Allen L. Soyster, Ballot Position No. 30

SoysterAllen L. Soyster ’65 Eng

Professor of industrial engineering
Northeastern University
Philipsburg, Pa.

Read Soyster’s official bio and position statement here. (PDF download.)

1. Describe how you think the relationship between the Board of Trustees and the university president should function.

Actually, the relationship is already well defined in our Board Bylaws. However, in recent times this relationship must have been on “cruise control,” an era in which, apparently, the flow of information into and from the Board was confused and compromised. To the Board’s credit, the cancel “cruise control” button has been pushed. But there is another navigation button on the dashboard (“information”) which deserves attention. This “information” button is the Role of the Board found on our Board website. By simply following its own time-tested roles and responsibilities, the recent breakdown and conflict between the past President and the Board would have been avoided. What are these responsibilities which define this relationship? Two Board responsibilities stand out to me: One, “… the Board shall carry out certain responsibilities, without delegation (emphasis added)… • …the determination of the major goals of the University…..” Second, the Board • “…has a continuing obligation to require information or answers on any University matter of concern…” The Bylaws also specify that the President “shall see that” Board policies and programs “are carried out.” What could be clearer? The Board needs to share the vision and aspirations of its Major Goals and post on its website. In doing so, the Board transitions focus from the past to the future, asserts its rightful authority and inspires the alumni and University community. Furthermore, this posting might replace the (very tired, 119-item) “Freeh Report Card” and, in doing so, symbolically show that we welcome our new President into a new era.

2. What would you do to help heal the university community and to assist the university as it continues to recover from the Sandusky scandal?

The ongoing and passionate commitment of alumni groups to heal the university community by reshaping the Board composition is likely doomed for disappointment. Why? The alumni can only directly impact the election of nine of 30 voting members. What about the other 21? There are six Business/Industry Trustees. These Trustees appear to be elected by themselves. These six (two per year) are elected by a committee of five Trustees appointed by the Board Chairman, which must include, strikingly, three incumbent Business/Industry Trustees. In contrast, the six Agricultural Trustees are elected by representatives of various Pennsylvania Agricultural Societies. No doubt our Business/Industry Trustees have dedicated many years of service to PSU (the three longest-serving average over 15 years), but maybe this election process should change. The newly formed (2013) Governance and Long-Range Planning Committee, to their credit, is exploring ideas on how to improve governance (Centre Daily Times, March 6). However, the CDT headline is “Little Progress as Penn State Trustees Start Governance Reform Talks.” Here is a reform idea. Change the Board Bylaws so our business/industry constituents play a role (as they did from 1905 to 2002) in the selection of Business/Industry Trustees. Penn State is blessed with long-standing Advisories (Engineering, Business, Information Science, etc.) with talented individuals, representing all segments of business/industry. Give them some decision-making role. Such a revision by our Board would send a clear message to our alumni clamoring for change. And heaven forbid, maybe the Business/Industry Trustees might even include an engineer.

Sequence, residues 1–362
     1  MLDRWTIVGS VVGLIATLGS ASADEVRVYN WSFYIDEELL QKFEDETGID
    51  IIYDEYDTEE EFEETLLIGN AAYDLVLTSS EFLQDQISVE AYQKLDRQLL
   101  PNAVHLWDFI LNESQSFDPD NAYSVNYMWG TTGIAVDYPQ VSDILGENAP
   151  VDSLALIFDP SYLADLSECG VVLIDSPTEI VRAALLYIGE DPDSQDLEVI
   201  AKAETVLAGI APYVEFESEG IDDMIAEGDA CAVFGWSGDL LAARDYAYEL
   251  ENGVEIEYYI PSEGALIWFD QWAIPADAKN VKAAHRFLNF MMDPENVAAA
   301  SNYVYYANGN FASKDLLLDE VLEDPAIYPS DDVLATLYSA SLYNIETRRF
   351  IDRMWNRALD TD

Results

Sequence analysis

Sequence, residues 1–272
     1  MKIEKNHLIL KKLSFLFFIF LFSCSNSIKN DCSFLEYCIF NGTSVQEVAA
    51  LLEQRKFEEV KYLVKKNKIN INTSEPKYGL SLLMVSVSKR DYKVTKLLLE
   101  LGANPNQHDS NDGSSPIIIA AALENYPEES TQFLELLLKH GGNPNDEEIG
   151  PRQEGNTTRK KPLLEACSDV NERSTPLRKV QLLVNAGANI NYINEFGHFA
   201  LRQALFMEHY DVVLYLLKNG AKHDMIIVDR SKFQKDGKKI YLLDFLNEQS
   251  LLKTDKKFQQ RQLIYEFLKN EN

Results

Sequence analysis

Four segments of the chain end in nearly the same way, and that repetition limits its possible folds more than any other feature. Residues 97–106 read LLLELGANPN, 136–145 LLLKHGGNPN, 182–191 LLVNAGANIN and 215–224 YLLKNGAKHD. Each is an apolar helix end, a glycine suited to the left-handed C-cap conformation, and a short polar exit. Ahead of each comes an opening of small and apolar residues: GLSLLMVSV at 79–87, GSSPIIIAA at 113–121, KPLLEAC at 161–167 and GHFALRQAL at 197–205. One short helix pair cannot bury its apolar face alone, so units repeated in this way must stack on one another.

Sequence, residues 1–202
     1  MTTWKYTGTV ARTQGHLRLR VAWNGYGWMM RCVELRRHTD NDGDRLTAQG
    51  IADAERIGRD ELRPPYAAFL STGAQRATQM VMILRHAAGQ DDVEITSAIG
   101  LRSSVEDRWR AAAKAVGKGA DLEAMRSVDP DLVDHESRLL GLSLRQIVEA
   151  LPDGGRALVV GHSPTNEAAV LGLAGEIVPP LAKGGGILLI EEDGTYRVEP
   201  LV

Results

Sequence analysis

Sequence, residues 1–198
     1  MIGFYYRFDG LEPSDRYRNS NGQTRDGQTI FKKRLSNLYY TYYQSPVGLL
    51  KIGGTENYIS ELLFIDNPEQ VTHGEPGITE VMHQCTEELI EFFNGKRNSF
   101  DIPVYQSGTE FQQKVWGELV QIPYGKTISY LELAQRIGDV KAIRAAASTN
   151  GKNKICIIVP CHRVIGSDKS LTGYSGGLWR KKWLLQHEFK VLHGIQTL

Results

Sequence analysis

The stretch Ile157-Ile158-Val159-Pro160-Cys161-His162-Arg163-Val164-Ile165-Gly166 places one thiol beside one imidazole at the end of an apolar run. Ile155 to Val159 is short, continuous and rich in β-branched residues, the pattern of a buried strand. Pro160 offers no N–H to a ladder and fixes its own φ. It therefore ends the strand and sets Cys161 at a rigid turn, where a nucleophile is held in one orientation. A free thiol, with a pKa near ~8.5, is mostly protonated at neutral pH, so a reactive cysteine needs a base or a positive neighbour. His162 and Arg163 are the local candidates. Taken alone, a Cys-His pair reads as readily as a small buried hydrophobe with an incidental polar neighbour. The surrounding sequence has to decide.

3. What, in your view, are the major fiscal challenges Penn State will face over the next three years—and how should the university address them?

Penn State students pay the second-highest tuition among public institutions in the country. Is it little wonder that PSU graduates (New York Times, 2012) are the most indebted in the Big Ten? How is this explained? One factor, undoubtedly, is that Pennsylvania funds higher education at $3,875/student (45th lowest in the nation). But this fact does not relieve the Board of taking action toward a more affordable Penn State, especially since the national average is only $2,000 higher. What can be done without affecting our acknowledged high quality? Some universities are adopting a financial model called Resource Centered Management (RCM). The basic idea is to decentralize revenues and costs by individual colleges. For example, the College of Engineering collects its own tuition (and research revenues, gifts, etc.) and then pays its own salaries, “rents” its space, and pays appropriate fees for university services. With innovation as the driver, individual colleges are inherently motivated to increase revenues and eliminate waste. Such a model allows the individual colleges to optimize multi-year plans, sometimes withholding expenditures in one year in to be used in later years, all to the benefit of our students. (RCM was adopted at Northeastern, my employer, in 2010.) Implementation of an RCM model at Penn State would require a multi-year, major budgeting overhaul. My recommendation would be to charter a one-year feasibility study and benchmark other schools, public and private, which have taken this step. U.S. business/ industry cannot survive without continuing innovation; in the long run, neither can Penn State.

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